Reporters on Deadline

"My best business intelligence, in one easy email…"

Your first step to building a free, personalized, morning email brief covering pertinent authors and topics on JD Supra:
Sign up using*

Already signed up? Log in here

*By using the service, you signify your acceptance of JD Supra's Privacy Policy.
Custom Email Digest
Privacy Policy (Updated: October 8, 2015):
hide

JD Supra provides users with access to its legal industry publishing services (the "Service") through its website (the "Website") as well as through other sources. Our policies with regard to data collection and use of personal information of users of the Service, regardless of the manner in which users access the Service, and visitors to the Website are set forth in this statement ("Policy"). By using the Service, you signify your acceptance of this Policy.

Information Collection and Use by JD Supra

JD Supra collects users' names, companies, titles, e-mail address and industry. JD Supra also tracks the pages that users visit, logs IP addresses and aggregates non-personally identifiable user data and browser type. This data is gathered using cookies and other technologies.

The information and data collected is used to authenticate users and to send notifications relating to the Service, including email alerts to which users have subscribed; to manage the Service and Website, to improve the Service and to customize the user's experience. This information is also provided to the authors of the content to give them insight into their readership and help them to improve their content, so that it is most useful for our users.

JD Supra does not sell, rent or otherwise provide your details to third parties, other than to the authors of the content on JD Supra.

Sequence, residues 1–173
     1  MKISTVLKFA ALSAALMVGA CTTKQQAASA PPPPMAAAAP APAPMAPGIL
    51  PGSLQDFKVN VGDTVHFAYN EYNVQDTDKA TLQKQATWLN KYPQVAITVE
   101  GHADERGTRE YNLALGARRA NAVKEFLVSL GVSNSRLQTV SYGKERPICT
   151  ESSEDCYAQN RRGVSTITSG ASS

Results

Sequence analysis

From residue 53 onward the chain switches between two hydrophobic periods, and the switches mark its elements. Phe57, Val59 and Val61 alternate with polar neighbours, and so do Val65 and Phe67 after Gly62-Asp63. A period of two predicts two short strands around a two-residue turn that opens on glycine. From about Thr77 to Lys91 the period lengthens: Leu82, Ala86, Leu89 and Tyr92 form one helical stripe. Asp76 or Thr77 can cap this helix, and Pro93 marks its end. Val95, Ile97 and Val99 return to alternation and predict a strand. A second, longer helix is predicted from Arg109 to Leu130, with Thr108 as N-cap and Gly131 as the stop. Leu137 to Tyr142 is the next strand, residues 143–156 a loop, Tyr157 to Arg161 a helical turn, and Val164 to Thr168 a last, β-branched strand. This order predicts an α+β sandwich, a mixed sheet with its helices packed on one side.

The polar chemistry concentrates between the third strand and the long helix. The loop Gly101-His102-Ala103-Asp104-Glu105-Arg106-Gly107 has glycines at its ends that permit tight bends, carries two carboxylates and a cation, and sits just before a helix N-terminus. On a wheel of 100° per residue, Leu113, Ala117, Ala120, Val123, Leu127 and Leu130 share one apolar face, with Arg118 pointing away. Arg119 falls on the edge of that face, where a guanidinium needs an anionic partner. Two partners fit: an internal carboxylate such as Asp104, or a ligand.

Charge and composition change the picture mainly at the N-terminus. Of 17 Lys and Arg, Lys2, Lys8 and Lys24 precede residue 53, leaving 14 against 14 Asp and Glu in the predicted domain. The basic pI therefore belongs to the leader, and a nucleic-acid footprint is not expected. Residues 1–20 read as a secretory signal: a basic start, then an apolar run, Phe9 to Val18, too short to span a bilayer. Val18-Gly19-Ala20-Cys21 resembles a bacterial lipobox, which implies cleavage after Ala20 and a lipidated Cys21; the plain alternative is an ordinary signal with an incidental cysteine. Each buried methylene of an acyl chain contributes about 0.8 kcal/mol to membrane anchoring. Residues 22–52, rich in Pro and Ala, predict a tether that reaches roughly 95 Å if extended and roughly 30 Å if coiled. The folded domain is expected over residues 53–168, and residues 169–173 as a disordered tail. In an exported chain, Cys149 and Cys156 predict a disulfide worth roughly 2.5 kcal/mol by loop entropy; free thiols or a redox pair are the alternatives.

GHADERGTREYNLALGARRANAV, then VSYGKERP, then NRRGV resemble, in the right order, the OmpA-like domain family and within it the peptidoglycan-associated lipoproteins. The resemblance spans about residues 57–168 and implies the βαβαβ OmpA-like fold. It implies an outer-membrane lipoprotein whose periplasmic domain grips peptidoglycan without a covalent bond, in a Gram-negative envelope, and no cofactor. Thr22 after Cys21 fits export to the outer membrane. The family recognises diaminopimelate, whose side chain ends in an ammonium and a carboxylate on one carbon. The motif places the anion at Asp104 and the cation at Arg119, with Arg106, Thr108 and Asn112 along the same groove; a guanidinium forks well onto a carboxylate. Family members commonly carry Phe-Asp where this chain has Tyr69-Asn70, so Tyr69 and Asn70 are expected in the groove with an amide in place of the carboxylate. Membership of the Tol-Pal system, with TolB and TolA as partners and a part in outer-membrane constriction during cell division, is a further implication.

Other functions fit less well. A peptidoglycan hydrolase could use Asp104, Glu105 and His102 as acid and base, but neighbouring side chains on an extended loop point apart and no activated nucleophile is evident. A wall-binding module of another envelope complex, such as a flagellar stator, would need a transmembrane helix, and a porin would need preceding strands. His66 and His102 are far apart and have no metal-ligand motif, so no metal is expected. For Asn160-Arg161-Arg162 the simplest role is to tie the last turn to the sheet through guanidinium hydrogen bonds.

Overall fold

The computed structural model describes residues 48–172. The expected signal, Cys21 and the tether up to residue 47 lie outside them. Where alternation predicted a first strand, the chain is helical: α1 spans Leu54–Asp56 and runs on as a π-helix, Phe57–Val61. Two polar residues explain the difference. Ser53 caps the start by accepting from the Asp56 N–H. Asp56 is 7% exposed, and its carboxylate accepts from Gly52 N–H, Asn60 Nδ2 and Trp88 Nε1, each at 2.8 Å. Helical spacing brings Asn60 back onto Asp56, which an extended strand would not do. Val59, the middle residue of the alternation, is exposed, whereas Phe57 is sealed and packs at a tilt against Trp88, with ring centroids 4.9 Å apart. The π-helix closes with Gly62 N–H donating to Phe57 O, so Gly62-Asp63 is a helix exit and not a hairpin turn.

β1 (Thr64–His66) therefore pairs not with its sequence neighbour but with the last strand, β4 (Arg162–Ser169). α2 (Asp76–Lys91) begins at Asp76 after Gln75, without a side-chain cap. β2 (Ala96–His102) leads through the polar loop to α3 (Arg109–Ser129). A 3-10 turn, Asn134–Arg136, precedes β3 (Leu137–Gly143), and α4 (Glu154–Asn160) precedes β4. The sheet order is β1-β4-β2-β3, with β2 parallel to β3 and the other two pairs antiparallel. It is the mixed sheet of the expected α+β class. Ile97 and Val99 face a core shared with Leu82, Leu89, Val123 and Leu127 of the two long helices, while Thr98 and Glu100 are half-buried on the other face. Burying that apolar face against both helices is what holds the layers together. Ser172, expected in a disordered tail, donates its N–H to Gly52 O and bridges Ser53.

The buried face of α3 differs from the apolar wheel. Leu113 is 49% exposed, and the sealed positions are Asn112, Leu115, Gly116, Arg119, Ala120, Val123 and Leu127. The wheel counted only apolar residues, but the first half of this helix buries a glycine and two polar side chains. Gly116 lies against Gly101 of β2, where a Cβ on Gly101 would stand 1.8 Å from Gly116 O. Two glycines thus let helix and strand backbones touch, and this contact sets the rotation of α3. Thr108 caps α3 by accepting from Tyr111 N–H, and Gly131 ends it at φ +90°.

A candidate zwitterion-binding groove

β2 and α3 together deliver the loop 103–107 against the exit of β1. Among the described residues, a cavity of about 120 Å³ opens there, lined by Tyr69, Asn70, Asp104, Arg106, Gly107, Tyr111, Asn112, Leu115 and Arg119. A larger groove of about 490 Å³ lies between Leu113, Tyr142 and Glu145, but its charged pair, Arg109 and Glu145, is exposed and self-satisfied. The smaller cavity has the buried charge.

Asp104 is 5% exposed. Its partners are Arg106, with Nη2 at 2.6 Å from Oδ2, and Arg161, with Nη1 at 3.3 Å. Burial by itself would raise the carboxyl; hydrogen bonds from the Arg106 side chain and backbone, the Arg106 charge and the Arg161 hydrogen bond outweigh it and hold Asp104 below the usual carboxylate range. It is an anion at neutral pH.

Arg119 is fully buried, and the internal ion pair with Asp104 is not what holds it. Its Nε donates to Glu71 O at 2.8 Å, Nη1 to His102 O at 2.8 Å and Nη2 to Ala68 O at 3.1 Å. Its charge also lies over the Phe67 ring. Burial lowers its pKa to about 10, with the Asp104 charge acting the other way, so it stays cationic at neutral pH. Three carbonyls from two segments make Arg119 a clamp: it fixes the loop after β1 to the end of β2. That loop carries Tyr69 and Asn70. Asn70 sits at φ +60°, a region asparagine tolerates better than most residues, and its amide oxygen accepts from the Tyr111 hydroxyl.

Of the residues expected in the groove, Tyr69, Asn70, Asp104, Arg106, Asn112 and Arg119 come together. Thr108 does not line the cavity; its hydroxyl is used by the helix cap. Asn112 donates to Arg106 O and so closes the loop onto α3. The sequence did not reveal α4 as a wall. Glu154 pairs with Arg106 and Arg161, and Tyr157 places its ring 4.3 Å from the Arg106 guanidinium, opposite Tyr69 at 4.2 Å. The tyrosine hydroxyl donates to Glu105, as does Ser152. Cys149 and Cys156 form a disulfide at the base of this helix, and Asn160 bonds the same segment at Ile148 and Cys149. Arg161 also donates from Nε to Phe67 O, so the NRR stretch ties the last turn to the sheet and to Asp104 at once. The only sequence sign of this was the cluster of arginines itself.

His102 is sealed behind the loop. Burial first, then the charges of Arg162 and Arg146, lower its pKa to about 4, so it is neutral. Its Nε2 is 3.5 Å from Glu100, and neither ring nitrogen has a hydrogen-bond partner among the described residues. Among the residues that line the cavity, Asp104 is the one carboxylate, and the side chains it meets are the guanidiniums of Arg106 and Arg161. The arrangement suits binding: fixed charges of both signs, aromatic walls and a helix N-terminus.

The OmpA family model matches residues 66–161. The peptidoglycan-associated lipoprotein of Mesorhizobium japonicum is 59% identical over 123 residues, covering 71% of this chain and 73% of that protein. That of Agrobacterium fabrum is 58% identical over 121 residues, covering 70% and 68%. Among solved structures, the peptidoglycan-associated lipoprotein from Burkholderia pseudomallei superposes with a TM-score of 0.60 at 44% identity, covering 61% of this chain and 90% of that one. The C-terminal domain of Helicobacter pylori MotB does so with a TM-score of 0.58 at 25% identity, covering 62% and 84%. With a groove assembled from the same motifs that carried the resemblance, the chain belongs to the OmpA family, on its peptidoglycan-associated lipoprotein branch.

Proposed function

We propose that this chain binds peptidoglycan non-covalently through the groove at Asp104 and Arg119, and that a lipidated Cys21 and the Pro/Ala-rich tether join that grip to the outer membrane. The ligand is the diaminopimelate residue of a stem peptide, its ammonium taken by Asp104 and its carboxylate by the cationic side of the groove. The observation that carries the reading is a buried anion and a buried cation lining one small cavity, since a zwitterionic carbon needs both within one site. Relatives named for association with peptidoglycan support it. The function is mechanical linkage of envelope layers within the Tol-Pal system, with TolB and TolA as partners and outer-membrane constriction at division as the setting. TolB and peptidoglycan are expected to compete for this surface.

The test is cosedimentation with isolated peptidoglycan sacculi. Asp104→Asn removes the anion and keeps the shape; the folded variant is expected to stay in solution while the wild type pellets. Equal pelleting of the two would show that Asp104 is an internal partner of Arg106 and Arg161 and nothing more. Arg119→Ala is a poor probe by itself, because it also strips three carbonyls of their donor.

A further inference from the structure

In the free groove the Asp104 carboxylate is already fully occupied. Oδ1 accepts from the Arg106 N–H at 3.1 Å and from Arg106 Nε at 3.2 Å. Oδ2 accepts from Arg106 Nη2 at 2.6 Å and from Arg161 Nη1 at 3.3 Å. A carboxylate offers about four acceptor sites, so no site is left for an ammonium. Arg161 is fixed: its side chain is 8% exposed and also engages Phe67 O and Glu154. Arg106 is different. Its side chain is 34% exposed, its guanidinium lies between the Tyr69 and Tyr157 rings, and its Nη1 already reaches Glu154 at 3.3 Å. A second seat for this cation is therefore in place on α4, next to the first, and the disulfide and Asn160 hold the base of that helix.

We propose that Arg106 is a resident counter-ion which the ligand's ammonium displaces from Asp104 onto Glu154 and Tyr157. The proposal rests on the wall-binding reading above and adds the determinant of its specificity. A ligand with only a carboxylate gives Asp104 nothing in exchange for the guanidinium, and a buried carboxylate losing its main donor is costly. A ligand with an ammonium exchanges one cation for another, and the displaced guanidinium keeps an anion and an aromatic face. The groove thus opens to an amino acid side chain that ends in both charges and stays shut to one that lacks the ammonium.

If you prefer not to enable cookies, you may change your browser settings to disable cookies; however, please note that rejecting cookies while visiting the Website may result in certain parts of the Website not operating correctly or as efficiently as if cookies were allowed.

Email Choice/Opt-out

Users who opt in to receive emails may choose to no longer receive e-mail updates and newsletters by selecting the "opt-out of future email" option in the email they receive from JD Supra or in their JD Supra account management screen.

Security

JD Supra takes reasonable precautions to insure that user information is kept private. We restrict access to user information to those individuals who reasonably need access to perform their job functions, such as our third party email service, customer service personnel and technical staff. However, please note that no method of transmitting or storing data is completely secure and we cannot guarantee the security of user information. Unauthorized entry or use, hardware or software failure, and other factors may compromise the security of user information at any time.